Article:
Royal Seed has become the lone orphanage Mensah helps out. For the number of kids that reside there, the living conditions and the lack of consistent help, Mensah has designated the reconstruction of the orphanage and school as his life’s work outside of soccer.

At the orphanage, director Naomi Esi Amoah is the primary caretaker for the orphans that range in age from a couple of weeks old to their early 20s.

Mensah’s organization has what can be considered five full-time staff members and volunteers that frequently contact the orphanage to ask what she needs in terms of clothing, food, water and other supplies.

Mensah will even ask his Crew teammates for donations of any old soccer cleats, shin guards, goalkeeper gloves, or any clothing.

"A lot of people talk about (giving), and a lot of people want to do it, but it's very hard and it takes a lot of work to set up and to continue to keep it going and all that, so it's very impressive for me,” Crew goalkeeper Zack Steffen said. “He's a big role model for me.”

Mensah last went to the orphanage in January with his foundation and volunteers. He has helped build a new campus, with better living conditions for the children. They also finished a new school at the old site of the orphanage, complete with a roof and tiled flooring.

The next step is cutting down that commute between the living area and the school from more than two hours on foot to just 15 minutes with a bus.

"I still want to get involved,” Mensah said. “I love doing this and building the school and campus for them, and now we're raising funds to buy a school bus for them."

Accra, Ghana @JillianSakovits joins @Jomens25 to see how he’s helping children and orphans in his hometown. // @WellsFargo controls> > PJx6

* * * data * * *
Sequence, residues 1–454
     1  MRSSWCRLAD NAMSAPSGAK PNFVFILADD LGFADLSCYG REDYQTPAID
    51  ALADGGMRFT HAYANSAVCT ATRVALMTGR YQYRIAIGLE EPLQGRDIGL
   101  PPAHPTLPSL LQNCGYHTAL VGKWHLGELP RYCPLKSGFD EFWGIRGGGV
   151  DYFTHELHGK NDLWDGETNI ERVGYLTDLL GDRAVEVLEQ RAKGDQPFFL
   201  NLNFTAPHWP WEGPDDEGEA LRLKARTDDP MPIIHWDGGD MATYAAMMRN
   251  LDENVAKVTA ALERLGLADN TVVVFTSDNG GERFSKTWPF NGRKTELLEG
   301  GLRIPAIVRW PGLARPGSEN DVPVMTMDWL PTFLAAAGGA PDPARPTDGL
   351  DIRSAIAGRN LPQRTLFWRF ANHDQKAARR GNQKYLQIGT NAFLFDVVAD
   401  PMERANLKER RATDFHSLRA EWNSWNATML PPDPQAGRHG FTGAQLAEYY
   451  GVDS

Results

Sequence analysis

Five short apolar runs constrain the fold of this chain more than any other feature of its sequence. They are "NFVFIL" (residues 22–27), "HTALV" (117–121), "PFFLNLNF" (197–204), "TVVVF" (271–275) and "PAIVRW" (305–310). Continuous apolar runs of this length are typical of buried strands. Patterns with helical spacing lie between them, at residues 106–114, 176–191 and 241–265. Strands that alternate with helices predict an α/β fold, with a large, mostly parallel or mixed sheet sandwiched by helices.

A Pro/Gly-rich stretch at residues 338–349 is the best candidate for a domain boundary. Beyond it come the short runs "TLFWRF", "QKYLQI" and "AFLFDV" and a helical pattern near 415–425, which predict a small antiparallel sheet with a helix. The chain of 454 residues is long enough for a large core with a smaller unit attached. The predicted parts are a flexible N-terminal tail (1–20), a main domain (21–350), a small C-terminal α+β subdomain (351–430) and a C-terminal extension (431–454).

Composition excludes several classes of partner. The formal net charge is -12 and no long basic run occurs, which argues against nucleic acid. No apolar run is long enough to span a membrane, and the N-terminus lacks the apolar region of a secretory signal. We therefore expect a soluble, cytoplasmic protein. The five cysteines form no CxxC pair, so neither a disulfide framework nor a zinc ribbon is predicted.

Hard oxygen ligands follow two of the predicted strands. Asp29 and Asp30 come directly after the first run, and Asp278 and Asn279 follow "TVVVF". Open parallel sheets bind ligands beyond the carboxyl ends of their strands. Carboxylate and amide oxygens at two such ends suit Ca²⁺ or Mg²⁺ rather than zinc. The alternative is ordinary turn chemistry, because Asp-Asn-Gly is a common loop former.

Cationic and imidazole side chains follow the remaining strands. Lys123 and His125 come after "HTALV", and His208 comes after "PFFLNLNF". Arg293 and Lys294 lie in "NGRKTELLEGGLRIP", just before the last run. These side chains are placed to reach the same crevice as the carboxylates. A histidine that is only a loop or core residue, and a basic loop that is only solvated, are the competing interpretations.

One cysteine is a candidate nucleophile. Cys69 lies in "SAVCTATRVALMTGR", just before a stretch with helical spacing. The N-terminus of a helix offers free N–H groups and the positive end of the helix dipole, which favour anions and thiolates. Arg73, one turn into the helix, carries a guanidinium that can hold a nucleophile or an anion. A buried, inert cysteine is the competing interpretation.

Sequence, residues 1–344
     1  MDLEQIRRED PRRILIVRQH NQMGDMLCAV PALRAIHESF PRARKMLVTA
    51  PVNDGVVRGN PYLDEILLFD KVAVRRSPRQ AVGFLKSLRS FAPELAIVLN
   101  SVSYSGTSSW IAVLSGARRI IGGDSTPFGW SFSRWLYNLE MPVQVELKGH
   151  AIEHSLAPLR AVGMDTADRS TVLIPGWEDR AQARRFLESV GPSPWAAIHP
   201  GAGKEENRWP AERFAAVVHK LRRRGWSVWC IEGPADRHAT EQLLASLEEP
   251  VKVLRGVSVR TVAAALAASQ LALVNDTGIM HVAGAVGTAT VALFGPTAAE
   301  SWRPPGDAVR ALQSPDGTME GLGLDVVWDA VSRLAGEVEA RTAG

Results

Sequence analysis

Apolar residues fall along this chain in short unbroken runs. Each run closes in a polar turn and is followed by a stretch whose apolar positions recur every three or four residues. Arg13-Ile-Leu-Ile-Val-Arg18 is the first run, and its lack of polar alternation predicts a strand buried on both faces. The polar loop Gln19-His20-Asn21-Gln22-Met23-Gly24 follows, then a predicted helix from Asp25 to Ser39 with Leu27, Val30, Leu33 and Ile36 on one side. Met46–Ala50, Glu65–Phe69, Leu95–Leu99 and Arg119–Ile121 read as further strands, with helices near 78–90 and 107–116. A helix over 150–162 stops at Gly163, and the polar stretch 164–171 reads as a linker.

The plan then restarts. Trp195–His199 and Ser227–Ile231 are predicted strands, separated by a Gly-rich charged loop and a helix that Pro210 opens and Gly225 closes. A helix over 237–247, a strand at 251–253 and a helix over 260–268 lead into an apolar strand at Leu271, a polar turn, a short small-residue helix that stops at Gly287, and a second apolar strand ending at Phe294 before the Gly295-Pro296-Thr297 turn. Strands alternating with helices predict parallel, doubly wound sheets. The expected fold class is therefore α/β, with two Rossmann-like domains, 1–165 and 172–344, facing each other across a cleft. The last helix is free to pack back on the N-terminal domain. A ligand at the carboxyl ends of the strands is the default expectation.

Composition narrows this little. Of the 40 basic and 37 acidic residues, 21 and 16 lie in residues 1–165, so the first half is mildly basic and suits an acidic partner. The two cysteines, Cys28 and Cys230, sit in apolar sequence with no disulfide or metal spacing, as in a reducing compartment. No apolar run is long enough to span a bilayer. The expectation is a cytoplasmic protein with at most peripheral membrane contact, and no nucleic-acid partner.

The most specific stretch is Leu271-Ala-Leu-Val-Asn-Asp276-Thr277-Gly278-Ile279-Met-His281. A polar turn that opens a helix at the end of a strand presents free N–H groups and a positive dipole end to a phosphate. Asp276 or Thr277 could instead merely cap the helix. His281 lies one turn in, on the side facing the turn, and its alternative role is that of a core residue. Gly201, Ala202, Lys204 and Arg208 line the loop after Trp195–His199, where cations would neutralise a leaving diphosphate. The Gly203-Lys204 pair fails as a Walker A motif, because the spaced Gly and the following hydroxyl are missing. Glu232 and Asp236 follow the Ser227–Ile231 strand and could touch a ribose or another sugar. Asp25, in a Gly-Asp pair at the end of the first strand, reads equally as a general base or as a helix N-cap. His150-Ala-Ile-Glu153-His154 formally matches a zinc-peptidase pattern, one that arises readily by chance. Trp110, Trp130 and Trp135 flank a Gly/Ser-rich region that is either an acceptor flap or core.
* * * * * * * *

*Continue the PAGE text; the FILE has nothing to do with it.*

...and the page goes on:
— Major League Soccer (@MLS) March 27, 2019

 

Crew fans get involved

Mensah’s last visit to the orphanage was profiled on the Major League Soccer website and documented in a video it posted in March.

In home games that followed, Mensah was passing by the Nordecke, the Crew’s supporters section, where fans started handing him money. He was confused at first, but they told him it was for his foundation and to keep up the great work.

Mensah was humbled, and touched. He stuffed the money in his socks until he returned to the locker room to deposit it into his foundation’s account.

The Crew’s youngest supporters’ group, the Hive, has held multiple fundraisers and raffles at Mapfre Stadium, with benefits going toward helping Mensah purchase a bus for the orphanage.

“I'm grateful and I'm honored to be a part of this family because they raised a lot of money for me, for the charity program that we're doing, and raising funds to get a bus,” Mensah said. “So it's very encouraging."

Harrison Afful sees the same problems in Ghana as Mensah. The two have talked about it over the years, even before Mensah joined Afful with the Crew in 2017. Knowing Mensah as well as he does, Afful was the least blown away by Mensah’s initiative to purchase a bus for the orphanage.

“He's one guy who loves to give,” Afful said. “God bless him because it's not easy to set up the foundation like that."

Mensah hasn’t personally seen an abandoned child while driving through Ghana, but he has interacted with some that were fortunate enough to find an orphanage. They see him as a role model of sorts, kind of the way he used to look at players on the Ghana men’s national team.

That just inspires him to do more.

"We need to come together to make change,” Mensah said. “(Soccer is) one big platform in the world, and if you can put something genuine out there and honest out there, I think people will have the desire to also join in."

[email protected]

@Jacob_Myers_25

If you would like to help the Jonathan Mensah Foundation, you can donate here.

Source: Columbus Dispatch